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CILEX advocates for urgent reforms in Civil Legal Aid

CILEX advocates for urgent reforms in Civil Legal Aid


CILEX urges annual adjustments to civil legal aid thresholds, expanding coverage, and addressing systemic issues for justice

The Chartered Institute of Legal Executives (CILEX) is sounding an alarm for critical reforms in the civil legal aid system, emphasizing the pressing need to adapt to the evolving economic landscape. In response to the Ministry of Justice's call for evidence during its review of civil legal aid, CILEX asserts the necessity of raising annual earnings and assets thresholds, aligning them with the Consumer Price Index to counter the erosive impact of inflation.

CILEX proposes an extensive approach to tackle the identified challenges. Firstly, it advocates for the yearly increment of earnings and assets thresholds to reflect the changing economic landscape, preventing a diminishing pool of eligible individuals. The institute also recommends an expansion of civil legal aid coverage to encompass crucial areas such as employment, education, and private family law. Additionally, it calls for a holistic reassessment of the means test employed by the Legal Aid Agency (LAA) to ensure its reasonableness and proportionality, particularly for those with low or erratic incomes.

Responding to the Ministry of Justice's call for evidence, CILEX contends that fundamental flaws in the system are leaving vulnerable individuals without access to justice, prompting a need for comprehensive improvements. The static state of earnings and assets thresholds since 2012, coupled with inflation and wage increases, has resulted in the emergence of legal aid deserts. These deserts are marked by legal service providers withdrawing from an underfunded sector, compelling desperate individuals to seek assistance from overloaded free legal clinics, law schools, and charities struggling to meet demand.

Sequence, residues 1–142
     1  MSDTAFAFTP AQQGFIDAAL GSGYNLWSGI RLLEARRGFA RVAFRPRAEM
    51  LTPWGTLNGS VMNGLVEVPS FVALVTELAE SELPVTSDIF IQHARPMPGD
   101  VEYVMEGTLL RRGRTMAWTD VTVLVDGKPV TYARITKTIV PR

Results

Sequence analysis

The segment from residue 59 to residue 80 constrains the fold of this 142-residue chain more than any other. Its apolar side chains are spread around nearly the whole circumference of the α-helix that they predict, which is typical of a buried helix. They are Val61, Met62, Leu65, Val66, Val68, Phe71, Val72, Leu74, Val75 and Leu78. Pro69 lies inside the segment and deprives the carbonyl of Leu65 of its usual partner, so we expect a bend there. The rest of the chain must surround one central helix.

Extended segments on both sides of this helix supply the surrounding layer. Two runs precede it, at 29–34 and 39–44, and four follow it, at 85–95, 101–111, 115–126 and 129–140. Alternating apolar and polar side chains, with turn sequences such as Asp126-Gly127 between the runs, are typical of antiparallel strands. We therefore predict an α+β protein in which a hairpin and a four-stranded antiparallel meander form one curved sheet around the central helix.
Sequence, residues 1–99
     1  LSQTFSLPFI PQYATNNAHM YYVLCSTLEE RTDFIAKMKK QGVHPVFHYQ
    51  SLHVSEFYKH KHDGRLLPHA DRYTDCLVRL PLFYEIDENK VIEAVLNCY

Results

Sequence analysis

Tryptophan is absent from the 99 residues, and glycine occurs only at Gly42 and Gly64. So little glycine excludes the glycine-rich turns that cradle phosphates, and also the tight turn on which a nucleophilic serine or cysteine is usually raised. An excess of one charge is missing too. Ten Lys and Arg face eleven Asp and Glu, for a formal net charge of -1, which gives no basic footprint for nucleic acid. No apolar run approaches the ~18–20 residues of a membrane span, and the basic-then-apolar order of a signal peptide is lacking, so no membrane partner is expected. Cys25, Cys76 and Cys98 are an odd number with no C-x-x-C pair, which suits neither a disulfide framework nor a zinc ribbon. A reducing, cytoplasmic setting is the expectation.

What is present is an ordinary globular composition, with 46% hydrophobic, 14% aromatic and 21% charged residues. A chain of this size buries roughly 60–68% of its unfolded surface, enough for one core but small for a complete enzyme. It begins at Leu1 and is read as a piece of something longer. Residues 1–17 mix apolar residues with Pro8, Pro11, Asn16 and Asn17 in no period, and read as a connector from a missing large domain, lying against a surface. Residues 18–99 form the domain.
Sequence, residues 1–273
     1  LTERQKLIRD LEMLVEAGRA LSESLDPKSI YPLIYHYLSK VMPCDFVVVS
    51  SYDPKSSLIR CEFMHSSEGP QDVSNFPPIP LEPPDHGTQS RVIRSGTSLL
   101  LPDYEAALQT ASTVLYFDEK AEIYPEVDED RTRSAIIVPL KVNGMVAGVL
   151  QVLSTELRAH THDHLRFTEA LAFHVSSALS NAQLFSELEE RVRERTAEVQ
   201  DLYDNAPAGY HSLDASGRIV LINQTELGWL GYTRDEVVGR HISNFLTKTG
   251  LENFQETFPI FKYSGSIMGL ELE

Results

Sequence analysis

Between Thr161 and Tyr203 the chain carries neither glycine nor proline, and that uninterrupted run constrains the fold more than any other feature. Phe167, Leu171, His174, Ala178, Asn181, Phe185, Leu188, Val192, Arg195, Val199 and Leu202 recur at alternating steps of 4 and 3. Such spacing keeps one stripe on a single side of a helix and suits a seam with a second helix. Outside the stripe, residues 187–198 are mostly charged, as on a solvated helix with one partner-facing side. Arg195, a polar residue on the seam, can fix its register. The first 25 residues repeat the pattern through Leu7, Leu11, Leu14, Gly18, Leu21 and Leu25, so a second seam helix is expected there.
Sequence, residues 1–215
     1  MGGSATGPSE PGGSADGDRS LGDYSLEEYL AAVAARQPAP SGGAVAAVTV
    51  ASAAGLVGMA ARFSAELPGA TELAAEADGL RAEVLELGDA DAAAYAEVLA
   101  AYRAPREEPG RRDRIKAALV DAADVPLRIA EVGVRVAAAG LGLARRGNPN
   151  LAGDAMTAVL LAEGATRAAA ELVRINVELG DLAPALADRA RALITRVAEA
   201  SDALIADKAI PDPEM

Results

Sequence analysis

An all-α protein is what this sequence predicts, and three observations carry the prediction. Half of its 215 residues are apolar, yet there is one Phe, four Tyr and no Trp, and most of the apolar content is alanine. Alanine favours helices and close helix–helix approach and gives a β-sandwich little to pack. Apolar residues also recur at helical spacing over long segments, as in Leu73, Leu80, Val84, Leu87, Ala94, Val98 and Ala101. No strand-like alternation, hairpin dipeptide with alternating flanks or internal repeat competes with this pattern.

CILEX proposes a multi-pronged strategy to address these challenges. The institute suggests tackling advice deserts by introducing "incentivised packages" for both new and existing practitioners. It also advocates for an increase in the overall civil legal aid budget, urging a return to 2012 fee levels on a real-terms case-by-case basis. Additionally, CILEX recommends the formation of a Civil Legal Aid Review Board, akin to the one overseeing criminal legal aid, to depoliticize issues and focus on building an efficient system. This proposed board would have the statutory authority to set civil legal aid fees and oversee the work of the LAA regarding civil fees.

Further recommendations include lowering thresholds for accessing advice on mediation and alternative dispute resolution and measuring the downstream impact of the lack of legal aid on entities such as local authorities, charities, the police, the NHS, and MPs.

CILEX practitioners surveyed express concerns, with 74% believing it is challenging for clients to find civil legal aid providers. Almost all respondents feel the current fee system does not incentivize lawyers to offer services, and 97% believe legal aid fees should be index-linked. Additionally, 62% argue that civil fees, stagnant since 1996, need to increase by at least 60%.

Practitioners argue that the current system is unsustainable, hindering access to justice for marginalized individuals. CILEX President Emma Davies warns of the looming collapse of the civil legal aid system and urges the government to scrutinize and reform thresholds, fee levels, and the means-tested system to ensure the availability of quality, specialist legal advice for those in dire need.